The All-Star Shame
July 9, 2010

Plenty has been written already about some of the tremendously bad choices that were made in the selection process of the All-Star Game rosters.  And it's not really the fault of the "each team gets a representative" rule, either.  Michael Bourn is a nice player but there's no way a lead-off hitter with an on base under .340 should be playing in an All-Star Game.  Roy Oswalt is a legitmate candidate and the clear choice for a player from the Astros.  But that's just one of the minor infractions.  The diatribes about Omar Infante's inclusion on the roster are so plentiful already that I doubt I can add anything on that topic.  There are simply too many deserving players who will be left out of the honor event because of an incredibly flawed decision making process. 

Truly deserving players from teams that don't draw as much as the big market teams have no shot of being named to the All-Star team by the fans, leaving their fate to the always myopic managers.  Yes, Joey Votto got his ticket via an internet vote, but he is one of three guys who are in the top 5 of each of the triple crown categories.  He should have never been involved in such a run-off.  He deserved to be one of the first guys named to the team.  The other candidates in the run-off were more deserving than 3 or 4 of the other guys who were named by the managers.  Andy Pettitte?  Really?  Over major league strikeout leader Jered Weaver, or uber-lefty Francisco Liriano?  And just so no one thinks I'm picking on the AL, I'm still trying to figure out how Evan Meek got invited.  He's not even the best reliever on the Pirates, much less their most worthy candidate. 

But then that's baseball.  They always manage to screw up a decent idea with a bunch of really dumb ones.  The original purpose of the game was to showcase the best talent in the game.  Then it became a fan favorite's game.  Then when people stopped caring about it because teams were worried about injuries and not always sending their best players, the commish stepped in and tried to add season-balancing relevance to it.  So now the fans get to vote the starters in, the managers get to name the reserves and the pichitng staff and then when the manager screws up and neglects several obvious candidates, the fans get another shot to vote one more player in.  Is there a more porly conceived method to build a roster?  With no input from the guys who actually build rosters for a living or from the people who report and record the everyday events for decades?  And the winner of the game determines home field advantage in the World Series?  In science, the object is to isolate variables so that real analysis can begin.  In baseball, apparently, the object is to incorporate additional variables so that all analysis is meaningless and all results are as random as possible.  Don't get me started on the whole unbalanced schedule fiasco.  Let the fans vote in the starters, fine.  But leaving the rest of the roster to someone who has a vested interest in getting his own favorite players on the team is just backward.  And each year the managers prove just how backwatrd they can be.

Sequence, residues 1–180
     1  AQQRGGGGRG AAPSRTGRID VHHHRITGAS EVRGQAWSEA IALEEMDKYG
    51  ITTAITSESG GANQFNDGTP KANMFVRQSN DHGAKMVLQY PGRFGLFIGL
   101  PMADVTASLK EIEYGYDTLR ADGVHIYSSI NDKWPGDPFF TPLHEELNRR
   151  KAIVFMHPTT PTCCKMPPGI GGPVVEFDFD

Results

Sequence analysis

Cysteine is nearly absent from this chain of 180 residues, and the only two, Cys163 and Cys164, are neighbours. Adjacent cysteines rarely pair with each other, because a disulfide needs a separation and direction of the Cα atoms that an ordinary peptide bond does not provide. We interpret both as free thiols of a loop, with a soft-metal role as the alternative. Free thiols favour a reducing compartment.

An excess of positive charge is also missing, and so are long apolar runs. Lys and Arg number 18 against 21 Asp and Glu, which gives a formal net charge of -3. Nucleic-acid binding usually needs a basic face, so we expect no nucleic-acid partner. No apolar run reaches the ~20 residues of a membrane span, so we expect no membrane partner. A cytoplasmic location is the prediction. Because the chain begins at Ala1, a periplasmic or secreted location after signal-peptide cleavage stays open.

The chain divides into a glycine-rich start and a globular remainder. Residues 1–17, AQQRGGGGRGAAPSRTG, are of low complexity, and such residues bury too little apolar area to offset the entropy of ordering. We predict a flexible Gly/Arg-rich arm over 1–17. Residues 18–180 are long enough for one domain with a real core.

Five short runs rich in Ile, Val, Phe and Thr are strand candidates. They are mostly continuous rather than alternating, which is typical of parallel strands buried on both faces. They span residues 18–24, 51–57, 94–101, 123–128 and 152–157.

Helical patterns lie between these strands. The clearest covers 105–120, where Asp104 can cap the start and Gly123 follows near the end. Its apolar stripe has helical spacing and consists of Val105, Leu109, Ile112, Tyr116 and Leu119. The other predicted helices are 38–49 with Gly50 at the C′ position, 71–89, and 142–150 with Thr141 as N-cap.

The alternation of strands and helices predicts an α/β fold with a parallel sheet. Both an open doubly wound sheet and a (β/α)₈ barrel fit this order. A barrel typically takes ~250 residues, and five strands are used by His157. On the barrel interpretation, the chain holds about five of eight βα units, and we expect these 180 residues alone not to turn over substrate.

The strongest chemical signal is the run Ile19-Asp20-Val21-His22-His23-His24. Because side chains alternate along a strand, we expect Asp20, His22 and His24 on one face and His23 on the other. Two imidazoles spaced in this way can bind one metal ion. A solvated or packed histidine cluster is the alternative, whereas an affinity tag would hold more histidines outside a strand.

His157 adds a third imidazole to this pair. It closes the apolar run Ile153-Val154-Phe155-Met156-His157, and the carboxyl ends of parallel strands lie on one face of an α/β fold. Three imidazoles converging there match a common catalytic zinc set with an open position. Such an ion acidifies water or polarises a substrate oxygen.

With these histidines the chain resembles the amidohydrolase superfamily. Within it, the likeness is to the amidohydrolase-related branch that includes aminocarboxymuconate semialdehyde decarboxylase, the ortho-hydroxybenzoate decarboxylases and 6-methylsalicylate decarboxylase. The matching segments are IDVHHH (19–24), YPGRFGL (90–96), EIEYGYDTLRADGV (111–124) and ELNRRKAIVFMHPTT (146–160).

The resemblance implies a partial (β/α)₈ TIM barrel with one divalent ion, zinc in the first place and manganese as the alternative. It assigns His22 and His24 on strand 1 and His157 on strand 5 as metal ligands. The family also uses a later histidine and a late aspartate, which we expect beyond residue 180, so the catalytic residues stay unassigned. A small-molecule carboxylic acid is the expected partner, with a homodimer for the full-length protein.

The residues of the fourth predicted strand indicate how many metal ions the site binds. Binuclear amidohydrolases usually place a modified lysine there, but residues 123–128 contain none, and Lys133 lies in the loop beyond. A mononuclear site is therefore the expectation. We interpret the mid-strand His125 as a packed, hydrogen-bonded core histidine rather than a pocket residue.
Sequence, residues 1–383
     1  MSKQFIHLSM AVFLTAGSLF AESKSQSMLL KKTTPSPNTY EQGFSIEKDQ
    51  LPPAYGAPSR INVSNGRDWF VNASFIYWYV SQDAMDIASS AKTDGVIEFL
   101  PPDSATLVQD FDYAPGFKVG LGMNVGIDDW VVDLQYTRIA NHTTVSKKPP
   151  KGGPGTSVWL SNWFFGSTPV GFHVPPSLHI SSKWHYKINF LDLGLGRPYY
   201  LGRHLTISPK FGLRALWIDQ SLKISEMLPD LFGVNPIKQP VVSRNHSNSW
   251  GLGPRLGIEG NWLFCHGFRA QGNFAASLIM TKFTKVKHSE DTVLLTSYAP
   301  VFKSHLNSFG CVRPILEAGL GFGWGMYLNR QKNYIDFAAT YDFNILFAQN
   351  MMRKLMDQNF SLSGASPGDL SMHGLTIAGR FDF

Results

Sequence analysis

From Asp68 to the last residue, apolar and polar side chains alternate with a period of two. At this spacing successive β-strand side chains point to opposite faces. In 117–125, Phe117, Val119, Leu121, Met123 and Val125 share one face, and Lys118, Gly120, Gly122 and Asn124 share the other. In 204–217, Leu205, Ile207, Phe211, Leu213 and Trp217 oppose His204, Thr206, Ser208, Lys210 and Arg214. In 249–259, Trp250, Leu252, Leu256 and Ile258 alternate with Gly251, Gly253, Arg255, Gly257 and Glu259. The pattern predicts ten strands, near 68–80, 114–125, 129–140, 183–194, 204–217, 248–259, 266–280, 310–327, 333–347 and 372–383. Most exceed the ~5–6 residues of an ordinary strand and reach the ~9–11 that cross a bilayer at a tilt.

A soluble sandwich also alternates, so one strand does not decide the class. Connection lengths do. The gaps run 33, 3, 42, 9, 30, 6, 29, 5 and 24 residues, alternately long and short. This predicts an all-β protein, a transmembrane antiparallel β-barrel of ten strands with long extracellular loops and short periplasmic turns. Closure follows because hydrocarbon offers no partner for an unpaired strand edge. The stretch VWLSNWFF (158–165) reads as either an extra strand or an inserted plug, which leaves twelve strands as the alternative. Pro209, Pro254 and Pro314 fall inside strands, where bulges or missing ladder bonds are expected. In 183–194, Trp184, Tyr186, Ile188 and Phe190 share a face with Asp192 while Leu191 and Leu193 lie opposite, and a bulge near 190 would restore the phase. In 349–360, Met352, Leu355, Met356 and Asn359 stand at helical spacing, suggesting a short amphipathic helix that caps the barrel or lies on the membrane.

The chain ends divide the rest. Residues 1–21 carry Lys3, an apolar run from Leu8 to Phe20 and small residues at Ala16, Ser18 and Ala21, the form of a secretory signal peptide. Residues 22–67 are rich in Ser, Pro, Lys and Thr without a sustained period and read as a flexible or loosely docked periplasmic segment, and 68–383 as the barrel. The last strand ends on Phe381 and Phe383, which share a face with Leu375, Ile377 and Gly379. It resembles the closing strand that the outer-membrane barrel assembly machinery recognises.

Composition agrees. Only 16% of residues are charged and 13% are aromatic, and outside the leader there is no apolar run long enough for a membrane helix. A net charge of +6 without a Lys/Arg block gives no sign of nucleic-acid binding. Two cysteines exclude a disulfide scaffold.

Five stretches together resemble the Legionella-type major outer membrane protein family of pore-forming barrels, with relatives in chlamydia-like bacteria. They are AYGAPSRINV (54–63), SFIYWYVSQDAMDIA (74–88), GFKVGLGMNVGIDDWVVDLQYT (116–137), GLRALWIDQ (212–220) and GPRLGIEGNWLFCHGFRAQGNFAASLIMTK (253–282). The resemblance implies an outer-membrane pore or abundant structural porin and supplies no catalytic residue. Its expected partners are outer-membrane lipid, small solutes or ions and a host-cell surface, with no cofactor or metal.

Speaking of fiascoes, it's nice that the World Cup will crown a new champion this year - all of the 18 World Cups have been won by just seven nations.  Nine of those have been won by Brazil (5) and Italy (4).  But the competition itself has been marred by absolutely dreadful officiating.  It has been so bad that even FIFA, the organization that sponsors this competition and just about every other soccer endeavor worldwide, revealed a survey that stated that 4% of the calls have been terrible!  Their words.  When is the last time a sports enterprise has been so humiliated and shamed that it actually came out and stated that they were doing a terrible job?  Most would fall back on the old saw that the human element can not be eliminated or some such nonsense ike the rules leave a great deal for individual interpretation.  These calls have been so bad that even FIFA doesn't have any excuses, that human fallibility isn't even a credible excuse.  What most people probably don't know is that the refs that are brought to the World Cup aren't necessarily the best refs in the world.  Each ref is the best ref from his country, but most countries don't have very polished leagues.  So all the best refs from the Bundesliga or the English Premier League, etc, don't necessarily get to ref in the World Cup.  It's kind of like the Security Council of the UN.  There are the five permanent members (China, France, Russia, US and UK) that have rightfully earned their seat by the power they wield, but then there are temporary members who are brought on board every few years, but rather than by experience or by relevance, it's pretty much a random draw.  And sometimes the choices are ridiculous.  Remember when Libya, a state that sponsored terrorism, sat on the Security Council?  How's that for irony.  Well, the World Cup operates on a similar principle.  It doesn't matter your experience or qualifications, only that everyone gets a chance.